By the end of the week, Michigan could see temperatures in the 90s for several days, with warming driven by a heat dome centered over Kansas and Missouri. And Detroit’s strong urban heat island effect will likely amplify the misery.
The term “heat dome” has gained wider currency over the last few years as increasingly brutal heatwaves have hit various parts of the globe, creating conditions that scientists say would be virtually impossible without climate change. This summer, a prolonged heat dome has baked much of the Southwest and South, including Phoenix, which has experienced 26 straight days of over-110-degree temperatures.
Heat domes occur when a high-pressure system moves into an area, pressing warm air toward the ground. This high-pressure bubble can divert storm systems, creating a static weather pattern with mostly clear skies that amplify the heat.
The head of the National Weather Service’s Forecast Operations Branch, Gregg Carbin, said that high pressure adds to the warming, part of a “compressional warming.”
“It’s like adding air pressure to a car tire; as air is compressed by higher pressure, it heats up,” he said.
While experts say Michigan isn’t yet a prime target for an extended heat dome, the odds are increasing with global heating. In the meantime, the area could see stronger storms that tend to occur to the north of these super-heated areas.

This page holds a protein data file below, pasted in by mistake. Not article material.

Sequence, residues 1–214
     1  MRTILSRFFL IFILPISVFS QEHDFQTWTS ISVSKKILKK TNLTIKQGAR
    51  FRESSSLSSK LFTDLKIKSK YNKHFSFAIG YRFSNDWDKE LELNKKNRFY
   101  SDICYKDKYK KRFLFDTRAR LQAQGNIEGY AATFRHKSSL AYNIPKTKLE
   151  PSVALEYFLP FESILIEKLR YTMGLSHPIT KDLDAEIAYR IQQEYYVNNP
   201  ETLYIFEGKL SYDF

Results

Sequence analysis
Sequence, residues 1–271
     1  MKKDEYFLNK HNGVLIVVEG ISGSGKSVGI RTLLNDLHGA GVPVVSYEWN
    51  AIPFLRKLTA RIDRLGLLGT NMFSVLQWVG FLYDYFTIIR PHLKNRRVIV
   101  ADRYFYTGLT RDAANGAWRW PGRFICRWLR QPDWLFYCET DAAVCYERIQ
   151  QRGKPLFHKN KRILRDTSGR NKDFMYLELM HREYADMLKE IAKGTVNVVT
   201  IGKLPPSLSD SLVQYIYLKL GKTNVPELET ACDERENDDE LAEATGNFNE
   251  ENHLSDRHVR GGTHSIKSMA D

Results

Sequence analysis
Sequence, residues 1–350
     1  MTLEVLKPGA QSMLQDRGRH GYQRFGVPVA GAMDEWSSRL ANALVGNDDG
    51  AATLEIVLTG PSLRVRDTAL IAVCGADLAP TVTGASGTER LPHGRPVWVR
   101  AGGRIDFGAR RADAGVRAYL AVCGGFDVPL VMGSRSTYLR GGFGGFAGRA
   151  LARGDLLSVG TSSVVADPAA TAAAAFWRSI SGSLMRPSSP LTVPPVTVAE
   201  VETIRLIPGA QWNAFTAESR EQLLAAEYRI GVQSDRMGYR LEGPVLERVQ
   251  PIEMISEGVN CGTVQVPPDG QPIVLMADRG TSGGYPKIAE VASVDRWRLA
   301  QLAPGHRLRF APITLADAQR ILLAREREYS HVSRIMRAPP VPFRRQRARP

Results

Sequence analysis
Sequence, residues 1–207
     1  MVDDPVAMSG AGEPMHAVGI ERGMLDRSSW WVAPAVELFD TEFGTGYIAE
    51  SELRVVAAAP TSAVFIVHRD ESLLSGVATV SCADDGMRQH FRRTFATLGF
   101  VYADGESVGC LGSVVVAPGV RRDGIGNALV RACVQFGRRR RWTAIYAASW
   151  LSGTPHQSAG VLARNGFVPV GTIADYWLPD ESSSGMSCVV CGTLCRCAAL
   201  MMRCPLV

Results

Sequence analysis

And long term, metro Detroit could be highly vulnerable to an extended heatwave because of factors like health disparities in low-income areas and communities of color, the region’s ongoing problems with unreliable power, and an urban and suburban heat island effect, which can amplify a heatwave’s impact. Children, the elderly, and those with heart, respiratory or kidney disease are especially at risk.
Heat islands amplify heatwaves
This week’s heat coincides with a new analysis from Climate Central showing 86% of neighborhoods in Detroit and many inner-ring suburbs experience an increase in temperatures of 8 degrees Fahrenheit or more because of the heat island effect.
The effect refers to the tendency of areas heavily covered by hard surfaces like roads, buildings, and other infrastructure to trap heat and warm the surrounding area, an impact that can be especially powerful at night.
The analysis of 44 cities places Detroit ninth regarding the number of people impacted by an 8-degree or higher urban heat island effect – just behind Phoenix. However, according to the analysis, Detroit is number one in terms of the percentage – 86% – of the metro population affected.
“Detroit had a bit more spread than many other cities,” said Jen Brady, senior data analyst at Climate Central, referring to the heat island’s geographic extent across the city. The data analyzed by census tract shows additional heating across much of metro Detroit, with a few pockets of relatively warmer and cooler temperatures.
Brady speculated that a lack of green space could account for Detroit’s strong heat island effect.
Trees and other vegetation can help cool cities by directly shading buildings and structures that would otherwise absorb heat. Plants can also cool the surrounding area through evapotranspiration, where water taken up by vegetation is emitted into the air and provides evaporative cooling.
Detroit’s tree canopy coverage stands at around 24%, while the tree-planting nonprofit American Forests suggested 40% should be the goal. According to the Trust for Public Land’s 2023 Park Score rankings, around 6% of Detroit was covered by parks, compared to an average of 18% for the major cities included in the analysis.